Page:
Where he fits in: After a bizarre season, most of it spent at Class AAA Syracuse waiting just in case the Nationals needed his services, Lannan is going to once again find himself in an uncomfortable position this winter. He's still under the Nationals' control for another year, but they don't appear committed to giving him the fifth starter's job. And because he's now out of options, he can't be stashed away in the minors again. Mike Rizzo will hope Lannan's strong performance when called upon late this season prompts some trade interest. But the more plausible scenario would have the Nationals electing not to tender the lefty a contract before the Nov. 30 deadline, making him a free agent.

RHP CHIEN-MING WANG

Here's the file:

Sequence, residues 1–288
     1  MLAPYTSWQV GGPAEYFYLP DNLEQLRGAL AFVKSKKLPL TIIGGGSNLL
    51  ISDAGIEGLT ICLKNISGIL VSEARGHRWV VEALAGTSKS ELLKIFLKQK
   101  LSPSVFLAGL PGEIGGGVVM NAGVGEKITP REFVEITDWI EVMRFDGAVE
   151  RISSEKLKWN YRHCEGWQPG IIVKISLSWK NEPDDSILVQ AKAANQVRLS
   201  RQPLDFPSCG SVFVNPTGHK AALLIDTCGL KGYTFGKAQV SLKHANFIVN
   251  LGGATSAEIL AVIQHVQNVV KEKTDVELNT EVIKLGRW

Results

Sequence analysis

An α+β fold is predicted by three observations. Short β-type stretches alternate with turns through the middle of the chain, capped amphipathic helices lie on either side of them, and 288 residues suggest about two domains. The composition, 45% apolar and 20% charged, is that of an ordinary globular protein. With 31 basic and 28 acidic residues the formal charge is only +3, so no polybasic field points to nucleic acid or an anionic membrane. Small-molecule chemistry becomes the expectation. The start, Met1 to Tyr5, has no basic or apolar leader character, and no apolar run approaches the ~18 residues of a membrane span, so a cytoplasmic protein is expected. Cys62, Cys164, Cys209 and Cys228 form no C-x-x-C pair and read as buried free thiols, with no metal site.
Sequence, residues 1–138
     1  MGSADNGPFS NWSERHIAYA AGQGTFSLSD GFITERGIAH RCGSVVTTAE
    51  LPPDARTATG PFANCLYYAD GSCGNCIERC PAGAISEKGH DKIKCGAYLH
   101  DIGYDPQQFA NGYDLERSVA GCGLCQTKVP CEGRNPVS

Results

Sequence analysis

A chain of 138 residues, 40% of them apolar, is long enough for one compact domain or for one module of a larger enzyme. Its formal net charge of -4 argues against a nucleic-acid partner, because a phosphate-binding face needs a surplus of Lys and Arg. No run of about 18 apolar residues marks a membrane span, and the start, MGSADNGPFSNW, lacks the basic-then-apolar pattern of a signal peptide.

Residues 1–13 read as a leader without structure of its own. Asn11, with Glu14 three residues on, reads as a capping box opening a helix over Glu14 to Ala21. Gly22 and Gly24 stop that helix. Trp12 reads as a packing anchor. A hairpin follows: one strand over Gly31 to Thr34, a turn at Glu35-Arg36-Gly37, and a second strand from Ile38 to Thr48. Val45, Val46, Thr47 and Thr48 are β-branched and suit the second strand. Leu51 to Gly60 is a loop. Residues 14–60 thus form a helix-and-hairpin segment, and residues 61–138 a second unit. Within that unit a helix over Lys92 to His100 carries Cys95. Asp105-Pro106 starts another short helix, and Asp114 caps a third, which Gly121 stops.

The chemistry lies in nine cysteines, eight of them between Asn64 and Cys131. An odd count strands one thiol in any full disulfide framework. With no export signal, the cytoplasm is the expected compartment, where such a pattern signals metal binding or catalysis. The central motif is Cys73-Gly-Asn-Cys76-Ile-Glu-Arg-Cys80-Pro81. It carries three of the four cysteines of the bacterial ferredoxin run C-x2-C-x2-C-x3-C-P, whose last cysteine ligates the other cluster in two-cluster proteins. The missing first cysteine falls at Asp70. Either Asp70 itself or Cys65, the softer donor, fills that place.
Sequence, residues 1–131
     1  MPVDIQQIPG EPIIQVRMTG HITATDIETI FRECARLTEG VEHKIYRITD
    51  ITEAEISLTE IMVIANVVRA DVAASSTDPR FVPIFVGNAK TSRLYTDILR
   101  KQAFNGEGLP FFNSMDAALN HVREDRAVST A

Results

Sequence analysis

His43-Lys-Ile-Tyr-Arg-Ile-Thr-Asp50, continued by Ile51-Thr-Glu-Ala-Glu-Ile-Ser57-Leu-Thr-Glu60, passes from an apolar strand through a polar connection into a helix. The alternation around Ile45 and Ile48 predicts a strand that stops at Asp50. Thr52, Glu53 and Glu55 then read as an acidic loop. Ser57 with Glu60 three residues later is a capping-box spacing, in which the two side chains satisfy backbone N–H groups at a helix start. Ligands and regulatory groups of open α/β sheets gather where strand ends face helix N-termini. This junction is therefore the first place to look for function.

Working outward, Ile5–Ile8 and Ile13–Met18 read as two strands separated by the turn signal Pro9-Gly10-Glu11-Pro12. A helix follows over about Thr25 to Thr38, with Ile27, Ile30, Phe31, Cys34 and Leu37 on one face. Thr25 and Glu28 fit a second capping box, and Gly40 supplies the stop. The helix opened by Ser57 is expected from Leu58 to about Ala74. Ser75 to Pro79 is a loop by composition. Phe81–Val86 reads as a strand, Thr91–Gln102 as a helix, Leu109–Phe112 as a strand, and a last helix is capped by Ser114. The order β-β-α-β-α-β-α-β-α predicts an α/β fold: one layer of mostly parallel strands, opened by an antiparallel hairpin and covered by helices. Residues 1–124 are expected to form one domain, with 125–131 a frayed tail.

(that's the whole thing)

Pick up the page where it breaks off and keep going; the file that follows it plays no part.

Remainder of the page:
Stats: 2-3, 6.68 ERA, 32.1 IP, 2.010 WHIP, 4.2 K/9, 4.2 BB/9
-0.4 WAR
2012 salary: $4 million
Contract status: Free agent
Where he fits in: The Nationals invested three years and $8 million in this reclamation project, hoping he could make it all the way back from a major shoulder injury and recapture his 19-win form from 2006-07. In the end, Wang made more rehab starts in the minor leagues (21) than starts in the big leagues (15). They won't feel the need to take another chance on him next year.

IN THE MINORS